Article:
PackageX: Solving mailroom logistics

Image Credits: Dall·E 3 (link to high-res image)

During the early stages of my time at PackageX, we embarked on a mission to realize our founder’s vision of streamlining the complexities of last-yard logistics.

In the initial planning phase, we identified that the world of package handling is filled with diverse nuances globally. We chose to focus first on the US market, driven by its size and the relatively straightforward nature of the challenge it presented.

Our team developed an innovative machine learning (ML) algorithm designed to accurately read package labels, a solution aimed at significantly enhancing the efficiency of mailroom operations. 

Initially, we piloted this technology in the US market, but as we collected more data, our ML algorithms became more robust and generic.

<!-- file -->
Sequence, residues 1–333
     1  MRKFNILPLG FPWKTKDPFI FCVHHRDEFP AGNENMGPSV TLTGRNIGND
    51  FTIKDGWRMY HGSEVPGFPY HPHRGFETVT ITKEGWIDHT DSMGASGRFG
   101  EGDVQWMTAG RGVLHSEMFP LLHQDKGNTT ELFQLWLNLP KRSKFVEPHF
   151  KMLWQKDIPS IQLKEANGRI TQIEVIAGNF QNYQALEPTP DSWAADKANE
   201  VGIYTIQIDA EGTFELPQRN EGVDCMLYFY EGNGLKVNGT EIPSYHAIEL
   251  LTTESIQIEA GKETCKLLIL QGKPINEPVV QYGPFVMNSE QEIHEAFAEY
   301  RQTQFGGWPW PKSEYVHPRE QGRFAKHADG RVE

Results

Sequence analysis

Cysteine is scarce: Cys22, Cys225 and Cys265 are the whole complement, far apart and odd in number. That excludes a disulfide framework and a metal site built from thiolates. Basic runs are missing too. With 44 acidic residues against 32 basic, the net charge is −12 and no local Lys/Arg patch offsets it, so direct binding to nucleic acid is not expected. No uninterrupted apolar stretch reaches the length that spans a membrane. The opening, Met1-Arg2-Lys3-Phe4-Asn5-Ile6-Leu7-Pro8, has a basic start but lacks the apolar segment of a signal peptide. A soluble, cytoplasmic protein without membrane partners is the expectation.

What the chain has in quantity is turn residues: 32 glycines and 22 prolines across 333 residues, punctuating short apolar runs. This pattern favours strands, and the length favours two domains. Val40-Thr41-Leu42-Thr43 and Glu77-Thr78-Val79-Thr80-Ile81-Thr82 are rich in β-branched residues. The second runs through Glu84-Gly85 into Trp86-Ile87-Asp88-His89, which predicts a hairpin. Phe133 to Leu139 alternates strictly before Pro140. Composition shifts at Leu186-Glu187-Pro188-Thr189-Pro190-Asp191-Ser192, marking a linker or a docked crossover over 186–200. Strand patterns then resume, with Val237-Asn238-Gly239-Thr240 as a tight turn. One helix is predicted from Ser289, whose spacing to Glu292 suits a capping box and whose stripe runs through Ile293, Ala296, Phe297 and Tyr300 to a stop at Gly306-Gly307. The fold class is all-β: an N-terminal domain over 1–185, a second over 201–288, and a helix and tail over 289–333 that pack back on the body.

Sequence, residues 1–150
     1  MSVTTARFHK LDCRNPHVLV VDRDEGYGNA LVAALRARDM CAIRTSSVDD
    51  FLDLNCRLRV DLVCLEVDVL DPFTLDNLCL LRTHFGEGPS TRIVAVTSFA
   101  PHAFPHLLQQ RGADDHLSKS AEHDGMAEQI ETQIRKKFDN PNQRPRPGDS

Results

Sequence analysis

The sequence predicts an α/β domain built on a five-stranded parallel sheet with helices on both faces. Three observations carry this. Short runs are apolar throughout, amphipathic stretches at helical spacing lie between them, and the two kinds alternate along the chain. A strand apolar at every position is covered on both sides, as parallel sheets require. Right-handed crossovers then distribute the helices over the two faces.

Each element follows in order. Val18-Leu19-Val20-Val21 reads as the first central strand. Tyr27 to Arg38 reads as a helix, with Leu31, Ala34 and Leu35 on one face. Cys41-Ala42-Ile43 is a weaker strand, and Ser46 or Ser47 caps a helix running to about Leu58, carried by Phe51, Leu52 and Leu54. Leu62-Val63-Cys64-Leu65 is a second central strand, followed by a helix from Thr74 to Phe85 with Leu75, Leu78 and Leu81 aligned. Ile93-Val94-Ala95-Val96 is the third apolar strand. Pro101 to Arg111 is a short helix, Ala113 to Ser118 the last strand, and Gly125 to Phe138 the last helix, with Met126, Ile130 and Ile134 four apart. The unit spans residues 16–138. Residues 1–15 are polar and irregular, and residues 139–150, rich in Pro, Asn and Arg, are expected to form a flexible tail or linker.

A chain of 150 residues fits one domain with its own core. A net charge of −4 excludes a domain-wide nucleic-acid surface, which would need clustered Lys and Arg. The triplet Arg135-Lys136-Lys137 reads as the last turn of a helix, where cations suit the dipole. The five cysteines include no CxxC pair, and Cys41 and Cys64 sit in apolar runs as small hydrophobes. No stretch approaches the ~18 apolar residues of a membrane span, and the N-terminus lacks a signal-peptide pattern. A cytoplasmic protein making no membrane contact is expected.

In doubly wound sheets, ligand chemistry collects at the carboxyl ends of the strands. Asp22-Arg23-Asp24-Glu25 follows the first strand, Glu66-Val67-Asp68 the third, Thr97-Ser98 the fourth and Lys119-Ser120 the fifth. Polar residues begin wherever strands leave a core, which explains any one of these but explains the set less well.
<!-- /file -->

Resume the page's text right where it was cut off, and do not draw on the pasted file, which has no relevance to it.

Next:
The insights and experiences gained from this pilot were invaluable and formed the basis for our subsequent, carefully strategized expansion into 100+ countries across six continents, allowing us to adapt and refine our solutions to meet a wide array of global logistics challenges.

The 5 steps of the iterative process of product development

Ever since the industrial age, several great minds from different industries have long sought to address the constant challenge of adapting to changing user needs and technological advancements efficiently.

Iterative development frameworks like Lean Software Development, Scrum, Kanban, Design Sprints, Shape Up and many more, offer slight variations of their solution to this challenge.